News & Letters, Vol. 56, No. 3
Draft for Marxist-Humanist Perspectives, 2011-2011
Revolution and counter-revolution take world stage
Revolution and counter-revolution have forced their way to the center stage of history. In Tunisia and Egypt, revolutions have opened tremendous possibilities and spread the fire of their passion all across the Arab world and from China to the U.S. At the same time, counter-revolution has reared its head, from devious maneuvers aimed at co-opting the masses’ initiative to the bloody brutality exercised by Muammar al-Qaddafi in Libya. Such a moment in history tests revolutionaries and all who oppose the exploitation and violence of this globalized capitalist world—and the test sharpened when the U.S. and its NATO allies entered the conflict in Libya.
- I. The Arab Spring
a. High points of revolution
b. Libya’s counter-revolution
c. Revolts across the Arab world
- II. The wars at home
a. U.S. class war
b. Women in the crosshairs
c. The U.S. wars and nuclear peril
- III. Japan: earthquake, tsunami and meltdown
- IV. Revolution, organization and philosophy
- V. Marxist-Humanist Tasks
Women in Yemen show revolutionary way
Yemeni society has offered limited roles for women in politics. It never expected women to be part of any revolution. Yet the most popular face of Yemen’s anti-government movement is a woman: Tawakkol Karman.
From the Writings of Raya Dunayevskaya
Subjects of revolution: theory/practice
Excerpt from Jan. 15, 1971, letter to Will Stein and other young revolutionaries in News and Letters Committees who had questions about the relationship of theory and practice, and about the “Subject.”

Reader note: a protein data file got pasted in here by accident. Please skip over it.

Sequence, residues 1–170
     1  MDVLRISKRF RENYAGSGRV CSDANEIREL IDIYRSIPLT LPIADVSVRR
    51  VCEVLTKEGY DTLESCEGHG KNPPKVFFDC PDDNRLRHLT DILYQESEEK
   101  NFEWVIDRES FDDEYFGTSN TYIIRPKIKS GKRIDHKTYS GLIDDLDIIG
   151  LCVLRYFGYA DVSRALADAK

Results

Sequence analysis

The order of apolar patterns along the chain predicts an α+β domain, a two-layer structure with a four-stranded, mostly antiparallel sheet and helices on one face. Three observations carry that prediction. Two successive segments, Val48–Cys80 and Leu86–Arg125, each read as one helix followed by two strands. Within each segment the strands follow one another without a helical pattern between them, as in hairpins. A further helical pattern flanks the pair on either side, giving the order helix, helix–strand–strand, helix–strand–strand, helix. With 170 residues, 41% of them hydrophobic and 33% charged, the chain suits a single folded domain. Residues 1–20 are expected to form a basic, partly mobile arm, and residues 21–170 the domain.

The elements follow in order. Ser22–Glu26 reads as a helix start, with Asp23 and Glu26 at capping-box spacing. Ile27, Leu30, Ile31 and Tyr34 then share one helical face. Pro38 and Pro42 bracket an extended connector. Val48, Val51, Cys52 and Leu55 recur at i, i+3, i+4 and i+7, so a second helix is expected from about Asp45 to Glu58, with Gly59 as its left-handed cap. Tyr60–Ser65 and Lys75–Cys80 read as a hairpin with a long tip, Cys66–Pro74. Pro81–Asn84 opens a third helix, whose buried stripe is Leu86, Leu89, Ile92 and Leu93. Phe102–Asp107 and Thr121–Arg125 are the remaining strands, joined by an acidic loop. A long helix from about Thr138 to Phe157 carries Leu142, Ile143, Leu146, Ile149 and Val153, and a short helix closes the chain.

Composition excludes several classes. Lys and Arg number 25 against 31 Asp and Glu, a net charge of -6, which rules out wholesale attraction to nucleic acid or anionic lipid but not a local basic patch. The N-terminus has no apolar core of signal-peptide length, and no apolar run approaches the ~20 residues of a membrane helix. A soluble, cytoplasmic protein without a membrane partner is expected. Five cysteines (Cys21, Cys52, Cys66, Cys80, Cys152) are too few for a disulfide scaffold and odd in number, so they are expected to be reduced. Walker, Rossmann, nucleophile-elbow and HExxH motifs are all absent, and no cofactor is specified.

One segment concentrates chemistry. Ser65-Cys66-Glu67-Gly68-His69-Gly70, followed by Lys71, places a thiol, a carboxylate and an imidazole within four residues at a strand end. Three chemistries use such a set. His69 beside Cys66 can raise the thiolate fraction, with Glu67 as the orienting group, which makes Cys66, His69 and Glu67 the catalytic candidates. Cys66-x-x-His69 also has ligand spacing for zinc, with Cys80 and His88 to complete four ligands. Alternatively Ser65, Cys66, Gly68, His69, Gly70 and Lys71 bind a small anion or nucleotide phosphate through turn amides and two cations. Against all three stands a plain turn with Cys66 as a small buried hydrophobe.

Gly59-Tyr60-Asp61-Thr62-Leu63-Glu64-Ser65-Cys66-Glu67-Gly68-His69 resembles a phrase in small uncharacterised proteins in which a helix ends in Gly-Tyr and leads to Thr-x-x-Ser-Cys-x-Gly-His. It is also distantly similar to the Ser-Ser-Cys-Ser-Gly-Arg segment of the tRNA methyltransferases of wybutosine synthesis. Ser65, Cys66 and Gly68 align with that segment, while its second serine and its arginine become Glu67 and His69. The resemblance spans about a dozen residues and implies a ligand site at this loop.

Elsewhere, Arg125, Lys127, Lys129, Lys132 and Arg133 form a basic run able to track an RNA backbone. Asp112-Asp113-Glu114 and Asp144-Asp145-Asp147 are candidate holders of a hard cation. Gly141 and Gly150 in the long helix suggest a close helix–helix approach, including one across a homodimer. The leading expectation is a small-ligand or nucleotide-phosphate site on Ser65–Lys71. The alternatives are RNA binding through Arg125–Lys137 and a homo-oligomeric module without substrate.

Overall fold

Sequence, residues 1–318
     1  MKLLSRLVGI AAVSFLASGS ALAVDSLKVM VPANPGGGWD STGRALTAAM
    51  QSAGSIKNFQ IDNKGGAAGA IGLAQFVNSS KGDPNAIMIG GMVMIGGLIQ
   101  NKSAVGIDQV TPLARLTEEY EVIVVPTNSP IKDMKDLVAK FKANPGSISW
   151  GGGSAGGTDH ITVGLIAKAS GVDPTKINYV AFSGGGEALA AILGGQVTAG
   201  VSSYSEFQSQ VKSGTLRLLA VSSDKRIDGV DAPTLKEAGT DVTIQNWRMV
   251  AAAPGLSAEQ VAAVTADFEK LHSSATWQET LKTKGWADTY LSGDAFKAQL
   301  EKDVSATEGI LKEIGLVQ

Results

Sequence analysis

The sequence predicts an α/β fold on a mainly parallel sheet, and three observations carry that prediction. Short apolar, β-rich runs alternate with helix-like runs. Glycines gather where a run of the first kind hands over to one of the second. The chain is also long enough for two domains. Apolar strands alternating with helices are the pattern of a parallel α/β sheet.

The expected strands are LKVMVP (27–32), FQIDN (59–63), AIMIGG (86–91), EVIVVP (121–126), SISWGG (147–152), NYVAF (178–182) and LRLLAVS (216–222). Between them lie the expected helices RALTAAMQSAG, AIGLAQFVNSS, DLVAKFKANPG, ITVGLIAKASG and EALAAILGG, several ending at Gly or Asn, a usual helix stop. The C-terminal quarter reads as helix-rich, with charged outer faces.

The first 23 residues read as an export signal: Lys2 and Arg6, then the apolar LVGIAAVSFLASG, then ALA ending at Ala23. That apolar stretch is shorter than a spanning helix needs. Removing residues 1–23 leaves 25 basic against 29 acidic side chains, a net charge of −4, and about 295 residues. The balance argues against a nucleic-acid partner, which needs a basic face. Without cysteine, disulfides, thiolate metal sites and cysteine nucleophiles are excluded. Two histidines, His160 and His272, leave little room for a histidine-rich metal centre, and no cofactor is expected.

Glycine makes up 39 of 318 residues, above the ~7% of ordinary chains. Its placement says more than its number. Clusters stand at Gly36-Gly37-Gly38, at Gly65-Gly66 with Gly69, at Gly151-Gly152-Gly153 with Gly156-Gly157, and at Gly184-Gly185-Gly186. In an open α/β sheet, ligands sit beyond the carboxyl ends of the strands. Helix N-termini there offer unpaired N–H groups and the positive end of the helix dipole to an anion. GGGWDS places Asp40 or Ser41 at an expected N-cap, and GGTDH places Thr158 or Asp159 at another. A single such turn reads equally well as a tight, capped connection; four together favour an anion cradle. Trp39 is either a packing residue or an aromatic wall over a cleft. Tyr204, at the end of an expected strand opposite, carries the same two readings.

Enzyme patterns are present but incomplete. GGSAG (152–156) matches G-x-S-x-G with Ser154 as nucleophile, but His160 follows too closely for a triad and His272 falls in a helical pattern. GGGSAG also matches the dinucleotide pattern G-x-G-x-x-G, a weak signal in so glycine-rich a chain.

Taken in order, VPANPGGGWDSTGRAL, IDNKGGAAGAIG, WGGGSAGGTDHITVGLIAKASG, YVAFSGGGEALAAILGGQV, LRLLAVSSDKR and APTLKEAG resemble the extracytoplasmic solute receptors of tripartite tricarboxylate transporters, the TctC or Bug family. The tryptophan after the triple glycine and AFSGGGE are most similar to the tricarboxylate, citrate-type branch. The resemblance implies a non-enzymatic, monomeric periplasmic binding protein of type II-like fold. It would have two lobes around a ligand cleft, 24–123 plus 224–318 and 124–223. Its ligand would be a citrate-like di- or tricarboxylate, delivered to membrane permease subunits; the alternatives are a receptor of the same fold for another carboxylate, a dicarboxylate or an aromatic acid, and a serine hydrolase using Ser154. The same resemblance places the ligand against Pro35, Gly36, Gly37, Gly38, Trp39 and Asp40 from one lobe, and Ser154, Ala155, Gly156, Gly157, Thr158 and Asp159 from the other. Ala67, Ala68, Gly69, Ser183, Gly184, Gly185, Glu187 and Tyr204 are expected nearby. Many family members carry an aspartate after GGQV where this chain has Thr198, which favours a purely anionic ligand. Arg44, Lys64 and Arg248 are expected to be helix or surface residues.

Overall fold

A Freedom Rider looks back to ‘a sort of revolution’
Our Freedom Ride [on June 6, 1961] was from New Orleans to Jackson, Mississippi. Since we were Blacks and whites, we were integrated and therefore revolutionary in that place and time.
World in View
Gbagbo’s last stand
The arrest of former President Laurent Gbagbo by NATO and Ivorian opposition forces will not solve the problems that plague Ivory Coast. Gbagbo’s rise and fall does represent, in microcosm, the long tragedy of Africa’s unfinished revolutions.
Militant labor and corporate attacks
Attacks against labor, fueled by the economic crises that have persisted since the economic meltdown in 2008, have taken many forms. They affect not only union workers, but employees in all industries. Huge increases in the use of temporary employees and expanding the two-tier wage system are assuming greater importance.
Woman as Reason
Abortion and the Left
The reason, of course, the Left leaves out the demand for abortion rights is that they recognize it as a “divisive” issue. Even the so-called feminist anti-war group, CODEPINK, has not a word to say about abortion rights. But women’s right to an abortion should be a part of any group fighting war, if for no other reason than that rape is a weapon of war.